PURPOSE: Hispanic patients (H) are reported to suffer more adverse respiratory consequences with asthma than Anglo patients (A), whereas urban living affects all persons at risk of asthma. No previous study has assessed physiological indices of respiratory dysfunction in H and A children in the same urban environment.
METHODS: Randomly selected El Paso children, ages 5–17 years, underwent oscillometry (IOS), to assess respiratory resistance (Rrs) and reactance (Xrs). IOS data were analyzed offline to exclude swallowing/airflow leak artifacts. Rrs and Xrs were compared with historical normal data in children of similar age to aid diagnostic assignment by an observer blinded to ethnicity/diagnosis of asthma/allergies. Diagnoses were: (a) normal, (b) possible peripheral airway impairment (PAI), (c) established PAI, or (d) asthmatic groups, based on IOS Rrs and Xrs. Equivalent electrical model analysis utilized an augmented RIC model, yielding estimates of central and peripheral airway resistance.
RESULTS: Children classified (a) or (b) did not differ in IOS/model analyses between H and A. Children classified (c) or (d) were significantly different, (unpaired t-test) independent of age/height: Rrs, Xrs and central airway resistance were greater in H in group (c); Rrs, Xrs, central and peripheral airway resistance were greater in H in group (d).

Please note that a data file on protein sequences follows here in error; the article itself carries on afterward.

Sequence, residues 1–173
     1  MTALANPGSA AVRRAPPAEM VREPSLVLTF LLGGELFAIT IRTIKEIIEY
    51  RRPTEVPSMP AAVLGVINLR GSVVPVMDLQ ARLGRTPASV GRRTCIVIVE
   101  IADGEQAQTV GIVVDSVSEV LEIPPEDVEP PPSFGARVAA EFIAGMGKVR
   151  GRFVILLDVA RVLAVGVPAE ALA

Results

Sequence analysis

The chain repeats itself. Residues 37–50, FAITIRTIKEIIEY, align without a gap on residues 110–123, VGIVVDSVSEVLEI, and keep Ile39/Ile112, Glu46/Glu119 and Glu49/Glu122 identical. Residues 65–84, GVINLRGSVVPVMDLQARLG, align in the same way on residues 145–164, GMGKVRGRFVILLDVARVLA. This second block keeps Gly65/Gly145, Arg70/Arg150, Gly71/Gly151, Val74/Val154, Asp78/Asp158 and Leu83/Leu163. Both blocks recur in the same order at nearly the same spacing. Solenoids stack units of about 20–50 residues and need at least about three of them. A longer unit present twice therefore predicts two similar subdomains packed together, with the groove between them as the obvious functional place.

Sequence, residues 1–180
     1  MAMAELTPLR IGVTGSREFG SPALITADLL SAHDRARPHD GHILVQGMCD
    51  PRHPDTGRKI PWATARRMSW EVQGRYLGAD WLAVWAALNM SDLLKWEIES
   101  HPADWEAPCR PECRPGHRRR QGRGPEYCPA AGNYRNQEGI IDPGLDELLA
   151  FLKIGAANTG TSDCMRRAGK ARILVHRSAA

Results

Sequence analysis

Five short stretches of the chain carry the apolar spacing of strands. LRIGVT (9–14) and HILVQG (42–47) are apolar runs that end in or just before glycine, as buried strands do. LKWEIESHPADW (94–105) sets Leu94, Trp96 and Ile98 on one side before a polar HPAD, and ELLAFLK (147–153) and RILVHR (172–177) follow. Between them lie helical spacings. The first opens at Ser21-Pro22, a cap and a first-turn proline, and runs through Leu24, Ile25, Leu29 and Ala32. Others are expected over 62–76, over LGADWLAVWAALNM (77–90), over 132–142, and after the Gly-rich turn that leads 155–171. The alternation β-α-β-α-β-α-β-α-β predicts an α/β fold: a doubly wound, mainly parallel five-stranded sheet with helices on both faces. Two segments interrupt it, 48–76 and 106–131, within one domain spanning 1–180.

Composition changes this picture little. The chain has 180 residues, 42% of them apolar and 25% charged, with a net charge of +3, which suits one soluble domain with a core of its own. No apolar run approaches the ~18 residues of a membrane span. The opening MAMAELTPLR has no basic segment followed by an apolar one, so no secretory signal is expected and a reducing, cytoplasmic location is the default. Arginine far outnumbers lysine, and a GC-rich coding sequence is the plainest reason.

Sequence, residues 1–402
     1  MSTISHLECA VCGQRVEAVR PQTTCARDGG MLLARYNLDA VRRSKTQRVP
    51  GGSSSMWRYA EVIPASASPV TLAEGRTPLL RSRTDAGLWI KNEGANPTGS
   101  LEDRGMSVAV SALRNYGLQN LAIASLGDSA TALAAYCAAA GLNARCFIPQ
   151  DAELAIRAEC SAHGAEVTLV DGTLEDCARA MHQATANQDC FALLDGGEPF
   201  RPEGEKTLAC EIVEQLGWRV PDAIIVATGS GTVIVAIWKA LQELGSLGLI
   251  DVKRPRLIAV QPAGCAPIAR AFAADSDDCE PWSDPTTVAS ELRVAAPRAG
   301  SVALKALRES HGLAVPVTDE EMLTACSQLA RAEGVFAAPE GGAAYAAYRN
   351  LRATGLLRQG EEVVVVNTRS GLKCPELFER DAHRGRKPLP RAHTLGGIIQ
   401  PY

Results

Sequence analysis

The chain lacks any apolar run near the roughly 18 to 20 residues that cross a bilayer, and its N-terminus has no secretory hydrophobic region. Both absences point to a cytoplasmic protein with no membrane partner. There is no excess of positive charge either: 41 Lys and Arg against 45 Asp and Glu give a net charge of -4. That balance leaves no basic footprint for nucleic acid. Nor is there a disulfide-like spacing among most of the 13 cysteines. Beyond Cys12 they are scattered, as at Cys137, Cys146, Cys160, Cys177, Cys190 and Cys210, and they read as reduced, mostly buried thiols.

CONCLUSION: We conclude that in an urban environment with diminished air quality, H and A children whose Rrs and Xrs are normal for age and size do not differ. Among children whose IOS Rrs and Xrs are consistent with significant PAI, H children are more severely affected than A, with increased calculated large and small airway resistances.
CLINICAL IMPLICATIONS: Poor urban air quality may affect Hispanic children with PAI more severely than Anglo.
DISCLOSURE: Michael Goldman, No Financial Disclosure Information; No Product/Research Disclosure Information